Northern Ireland lockdown rules: 4 week circuit breaker to see pubs, restaurants and schools close - what it means for Scottish travel
Intensified Covid-19 restrictions are to be enforced in Northern Ireland, which will see the closure of schools, pubs and restaurants.
First Minister Arlene Foster announced the restrictions at a special sitting of the Assembly on Wednesday 14 October, with the circuit breaker lockdown to remain in place for four weeks.
What are the new rules?
The strict new lockdown will see pubs and restaurants close for a period of four weeks - with the exception of takeaways and home deliveries. Schools will be closed from Monday 19 October for two weeks - one of which will cover the holiday break.
The measures do not amount to a full scale lockdown, similar to the one imposed back in March, but instead mark a significant tightening of the government’s response to spiralling Covid-19 infection rates.
Retail outlets will be allowed to remain open, along with gyms for individual training. However, indoor sporting activities are not permitted, and outdoor contact sports will be limited to elite athletes only.
Churches can also stay open, with a 25 person limit to be placed on funerals and weddings. Wedding receptions are prohibited.
Members of the public are advised to work from home where possible, and no unnecessary travel should be taken.
In addition to the closing of pubs and restaurants, off licences will be required to shut at 8pm.
Current restrictions on household mixing will remain in place, meaning the mixing of households in private homes is not allowed, with exceptions for those joined in social bubbles. Gatherings in private gardens are still limited to six people from no more than two households.
The majority of the new measures will come into force on Friday 16 October, while schools will close on Monday 19 October.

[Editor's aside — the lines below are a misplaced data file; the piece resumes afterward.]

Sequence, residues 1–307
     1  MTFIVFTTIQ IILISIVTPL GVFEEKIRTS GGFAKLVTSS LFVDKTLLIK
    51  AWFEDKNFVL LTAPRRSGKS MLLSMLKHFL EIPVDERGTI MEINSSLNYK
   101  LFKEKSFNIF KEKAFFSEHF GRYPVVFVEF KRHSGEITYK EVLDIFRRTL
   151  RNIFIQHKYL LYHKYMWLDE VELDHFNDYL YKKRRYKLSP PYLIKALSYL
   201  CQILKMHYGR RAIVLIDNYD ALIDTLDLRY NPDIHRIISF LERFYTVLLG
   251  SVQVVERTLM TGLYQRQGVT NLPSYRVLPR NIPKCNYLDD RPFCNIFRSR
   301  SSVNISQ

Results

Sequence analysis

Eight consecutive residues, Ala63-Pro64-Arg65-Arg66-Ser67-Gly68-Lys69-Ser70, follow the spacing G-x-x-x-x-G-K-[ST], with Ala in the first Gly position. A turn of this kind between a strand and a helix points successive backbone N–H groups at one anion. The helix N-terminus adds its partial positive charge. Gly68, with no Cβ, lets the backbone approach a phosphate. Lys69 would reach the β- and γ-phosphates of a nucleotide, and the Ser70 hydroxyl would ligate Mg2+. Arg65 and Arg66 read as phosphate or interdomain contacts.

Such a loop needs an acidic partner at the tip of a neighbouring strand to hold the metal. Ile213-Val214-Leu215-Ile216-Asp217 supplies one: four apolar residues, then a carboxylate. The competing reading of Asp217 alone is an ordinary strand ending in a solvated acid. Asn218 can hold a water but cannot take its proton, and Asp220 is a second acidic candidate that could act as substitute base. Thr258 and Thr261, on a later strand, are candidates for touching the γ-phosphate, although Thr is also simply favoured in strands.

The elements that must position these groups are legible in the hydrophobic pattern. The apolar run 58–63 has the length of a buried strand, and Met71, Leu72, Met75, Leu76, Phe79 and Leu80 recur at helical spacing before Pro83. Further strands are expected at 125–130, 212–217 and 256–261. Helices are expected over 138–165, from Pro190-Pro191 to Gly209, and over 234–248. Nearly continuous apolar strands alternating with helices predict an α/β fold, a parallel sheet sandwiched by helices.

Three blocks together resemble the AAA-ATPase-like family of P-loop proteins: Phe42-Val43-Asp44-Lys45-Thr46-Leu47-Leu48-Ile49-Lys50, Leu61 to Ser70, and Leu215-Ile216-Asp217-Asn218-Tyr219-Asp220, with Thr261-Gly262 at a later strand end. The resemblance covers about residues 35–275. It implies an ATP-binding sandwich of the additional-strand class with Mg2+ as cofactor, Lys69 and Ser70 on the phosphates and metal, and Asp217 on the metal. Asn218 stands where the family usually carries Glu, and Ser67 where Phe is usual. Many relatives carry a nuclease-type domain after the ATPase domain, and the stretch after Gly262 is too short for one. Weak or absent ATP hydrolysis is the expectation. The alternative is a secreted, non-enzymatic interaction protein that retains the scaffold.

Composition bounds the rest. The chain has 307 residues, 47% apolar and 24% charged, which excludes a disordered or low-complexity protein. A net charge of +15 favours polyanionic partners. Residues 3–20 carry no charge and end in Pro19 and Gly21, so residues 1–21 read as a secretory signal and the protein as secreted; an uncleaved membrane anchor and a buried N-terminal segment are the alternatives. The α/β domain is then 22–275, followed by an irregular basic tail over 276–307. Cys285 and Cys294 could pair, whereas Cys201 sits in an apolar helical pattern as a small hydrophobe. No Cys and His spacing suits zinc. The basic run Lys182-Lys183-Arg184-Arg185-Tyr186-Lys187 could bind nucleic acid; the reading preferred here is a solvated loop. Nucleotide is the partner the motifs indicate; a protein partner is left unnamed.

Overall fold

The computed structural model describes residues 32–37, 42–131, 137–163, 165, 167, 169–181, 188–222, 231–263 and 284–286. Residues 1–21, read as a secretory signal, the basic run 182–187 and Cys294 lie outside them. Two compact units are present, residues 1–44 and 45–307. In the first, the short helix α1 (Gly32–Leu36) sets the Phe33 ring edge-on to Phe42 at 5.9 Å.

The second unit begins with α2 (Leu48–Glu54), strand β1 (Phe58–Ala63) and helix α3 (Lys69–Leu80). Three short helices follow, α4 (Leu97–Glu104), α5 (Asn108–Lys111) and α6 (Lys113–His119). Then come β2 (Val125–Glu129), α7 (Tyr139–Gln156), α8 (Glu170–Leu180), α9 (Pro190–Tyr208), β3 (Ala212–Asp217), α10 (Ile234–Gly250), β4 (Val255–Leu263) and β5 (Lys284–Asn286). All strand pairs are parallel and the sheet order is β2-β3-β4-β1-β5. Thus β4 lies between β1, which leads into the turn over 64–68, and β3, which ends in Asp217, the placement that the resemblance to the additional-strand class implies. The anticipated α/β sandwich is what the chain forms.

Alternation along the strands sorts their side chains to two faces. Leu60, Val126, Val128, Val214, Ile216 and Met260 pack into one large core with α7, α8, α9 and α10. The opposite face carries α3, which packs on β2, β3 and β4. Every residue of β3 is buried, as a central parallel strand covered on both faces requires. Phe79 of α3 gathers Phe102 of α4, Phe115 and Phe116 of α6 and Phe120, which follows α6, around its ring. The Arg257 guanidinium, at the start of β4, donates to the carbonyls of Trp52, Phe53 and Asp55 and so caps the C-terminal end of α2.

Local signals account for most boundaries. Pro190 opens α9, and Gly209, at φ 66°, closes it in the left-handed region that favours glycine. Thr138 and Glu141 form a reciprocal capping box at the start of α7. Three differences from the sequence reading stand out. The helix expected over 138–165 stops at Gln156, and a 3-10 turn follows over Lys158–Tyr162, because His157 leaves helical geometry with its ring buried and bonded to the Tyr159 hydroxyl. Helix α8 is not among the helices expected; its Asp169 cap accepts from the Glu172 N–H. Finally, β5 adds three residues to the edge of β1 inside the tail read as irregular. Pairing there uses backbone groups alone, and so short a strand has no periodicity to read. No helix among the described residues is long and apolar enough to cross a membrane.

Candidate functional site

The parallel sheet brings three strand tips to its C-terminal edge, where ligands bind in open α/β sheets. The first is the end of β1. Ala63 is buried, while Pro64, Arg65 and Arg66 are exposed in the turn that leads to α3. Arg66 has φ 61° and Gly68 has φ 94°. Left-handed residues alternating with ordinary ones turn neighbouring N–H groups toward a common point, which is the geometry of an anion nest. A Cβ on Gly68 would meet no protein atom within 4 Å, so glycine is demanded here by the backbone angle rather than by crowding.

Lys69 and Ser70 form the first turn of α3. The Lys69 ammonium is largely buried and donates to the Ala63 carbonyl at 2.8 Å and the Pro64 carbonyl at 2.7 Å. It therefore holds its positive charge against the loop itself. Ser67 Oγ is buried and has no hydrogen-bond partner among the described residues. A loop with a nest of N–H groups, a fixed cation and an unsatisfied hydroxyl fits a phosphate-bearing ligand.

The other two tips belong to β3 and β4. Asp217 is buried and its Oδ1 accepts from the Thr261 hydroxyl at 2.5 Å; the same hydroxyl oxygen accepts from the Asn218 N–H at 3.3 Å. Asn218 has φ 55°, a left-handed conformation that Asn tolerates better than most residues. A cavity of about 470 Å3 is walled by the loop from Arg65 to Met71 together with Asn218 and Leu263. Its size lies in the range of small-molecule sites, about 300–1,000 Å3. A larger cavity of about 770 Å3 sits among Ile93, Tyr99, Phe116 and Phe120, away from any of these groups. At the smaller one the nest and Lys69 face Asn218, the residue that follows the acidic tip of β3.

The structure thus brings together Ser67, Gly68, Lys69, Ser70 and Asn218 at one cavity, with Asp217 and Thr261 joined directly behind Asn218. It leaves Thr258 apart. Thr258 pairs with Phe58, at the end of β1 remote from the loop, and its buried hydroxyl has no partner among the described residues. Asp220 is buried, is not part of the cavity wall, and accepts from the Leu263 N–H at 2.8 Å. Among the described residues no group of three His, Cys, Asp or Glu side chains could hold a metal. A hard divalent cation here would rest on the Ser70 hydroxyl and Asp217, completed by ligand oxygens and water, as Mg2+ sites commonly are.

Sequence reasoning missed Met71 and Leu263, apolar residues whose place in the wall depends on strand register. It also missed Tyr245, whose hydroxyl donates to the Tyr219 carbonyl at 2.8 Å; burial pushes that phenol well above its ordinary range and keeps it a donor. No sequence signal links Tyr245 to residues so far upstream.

Why is lockdown being tightened?
The tougher restrictions come as First Minister Foster described the rising Covid-19 rates in Northern Ireland as of “grave concern”, and said such a decision was necessary to bring transmission rates down.
However, she insisted that the restrictions would not last any longer than four weeks.
Mrs Foster added that she hoped the new measures would have two impacts.
“First, on the Covid transmission rates which must be turned down now, or we will be in a very difficult place very soon indeed,” she said.
“Second, we believe it marks a point where everyone, each and every one of us, can take stock and go back to the social distancing messaging. That is vitally important.”
What does it mean for travel from Scotland?
There are currently no rules against travelling to Northern Ireland from Scotland.
Government guidance states that travellers who arrive in Northern Ireland from a country outside of the Common Travel Area must self-isolate for 14 days, unless they have travelled from a country exempt from quarantine restrictions.
The Common Travel Area includes the following places, and only applies if you were there for 14 days or more before arriving in Northern Ireland:
- England, Scotland and Wales
- Republic of Ireland
- Channel Islands
- Isle of Man